During the past quarter century, free-market capitalism was recognized not merely as a successful system of wealth creation, but as the key determinant of the health of political and cultural democracy. Now, renowned British journalist and historian Godfrey Hodgson takes aim at this popular view in a book that promises to become one of the most important political histories of our time. More Equal Than Others looks back on twenty-five years of what Hodgson calls "the conservative ascendancy" in America, demonstrating how it has come to dominate American politics. Hodgson disputes the notion that the rise of conservatism has spread affluence and equality to the American people. Quite the contrary, he writes, the most distinctive feature of American society in the closing years of the twentieth century was its great and growing inequality. He argues that the combination of conservative ideology and corporate power and dominance by mass media obsessed with lifestyle and celebrity have caused America to abandon much of what was best in its past.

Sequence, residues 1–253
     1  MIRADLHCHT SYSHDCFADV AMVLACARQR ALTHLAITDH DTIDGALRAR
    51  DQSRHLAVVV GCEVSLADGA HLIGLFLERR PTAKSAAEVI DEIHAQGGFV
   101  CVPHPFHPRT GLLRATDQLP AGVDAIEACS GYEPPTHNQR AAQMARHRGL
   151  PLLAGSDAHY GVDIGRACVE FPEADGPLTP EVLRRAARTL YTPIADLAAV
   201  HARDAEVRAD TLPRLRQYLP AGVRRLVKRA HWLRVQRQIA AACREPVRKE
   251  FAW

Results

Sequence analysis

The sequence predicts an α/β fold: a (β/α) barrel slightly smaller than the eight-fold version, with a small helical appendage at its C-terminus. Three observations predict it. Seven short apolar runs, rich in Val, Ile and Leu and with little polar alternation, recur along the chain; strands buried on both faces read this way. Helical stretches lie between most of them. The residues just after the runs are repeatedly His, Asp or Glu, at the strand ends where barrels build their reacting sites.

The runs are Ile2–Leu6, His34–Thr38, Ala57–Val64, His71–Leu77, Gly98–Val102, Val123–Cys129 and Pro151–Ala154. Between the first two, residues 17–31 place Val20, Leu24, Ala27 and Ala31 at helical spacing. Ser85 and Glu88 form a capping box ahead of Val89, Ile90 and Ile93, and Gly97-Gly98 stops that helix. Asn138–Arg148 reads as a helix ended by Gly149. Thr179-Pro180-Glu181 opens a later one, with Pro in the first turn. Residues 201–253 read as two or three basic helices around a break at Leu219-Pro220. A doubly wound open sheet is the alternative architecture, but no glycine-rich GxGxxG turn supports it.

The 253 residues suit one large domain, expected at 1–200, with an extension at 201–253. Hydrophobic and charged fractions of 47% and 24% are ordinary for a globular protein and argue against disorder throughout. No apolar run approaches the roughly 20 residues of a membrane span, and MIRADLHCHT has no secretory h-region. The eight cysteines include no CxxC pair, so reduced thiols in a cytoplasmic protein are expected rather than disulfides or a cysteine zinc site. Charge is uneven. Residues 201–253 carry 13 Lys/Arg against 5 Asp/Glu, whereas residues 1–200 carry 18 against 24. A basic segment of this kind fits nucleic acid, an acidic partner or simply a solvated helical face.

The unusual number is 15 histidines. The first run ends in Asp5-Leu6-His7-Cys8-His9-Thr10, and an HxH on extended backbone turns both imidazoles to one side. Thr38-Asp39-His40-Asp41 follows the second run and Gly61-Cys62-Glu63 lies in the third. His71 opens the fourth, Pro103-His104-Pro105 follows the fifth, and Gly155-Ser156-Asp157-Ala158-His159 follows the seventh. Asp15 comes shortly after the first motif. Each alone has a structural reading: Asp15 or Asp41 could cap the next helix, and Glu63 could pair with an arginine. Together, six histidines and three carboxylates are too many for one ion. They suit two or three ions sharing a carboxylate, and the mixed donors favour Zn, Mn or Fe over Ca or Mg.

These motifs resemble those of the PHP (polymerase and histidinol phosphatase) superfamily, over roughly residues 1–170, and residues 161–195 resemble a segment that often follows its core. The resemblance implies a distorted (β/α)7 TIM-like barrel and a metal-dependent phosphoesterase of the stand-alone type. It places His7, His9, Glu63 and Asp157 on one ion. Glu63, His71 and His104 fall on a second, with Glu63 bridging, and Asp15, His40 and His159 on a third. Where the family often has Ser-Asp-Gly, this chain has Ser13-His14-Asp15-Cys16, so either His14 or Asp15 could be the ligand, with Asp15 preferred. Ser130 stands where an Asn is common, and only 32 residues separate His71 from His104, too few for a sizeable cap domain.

In fact, he writes, income and wealth inequality have become so extreme that America now resembles the class-stratified societies of early twentieth-century Europe. More Equal Than Others addresses a broad range of issues, with chapters on politics, the new economy, immigration, technology, women, race, and foreign policy, among others. A fitting sequel to the author's critically acclaimed America In Our Time, More Equal Than Others is not only an outstanding synthesis of history, but a trenchant commentary on the state of the American Dream.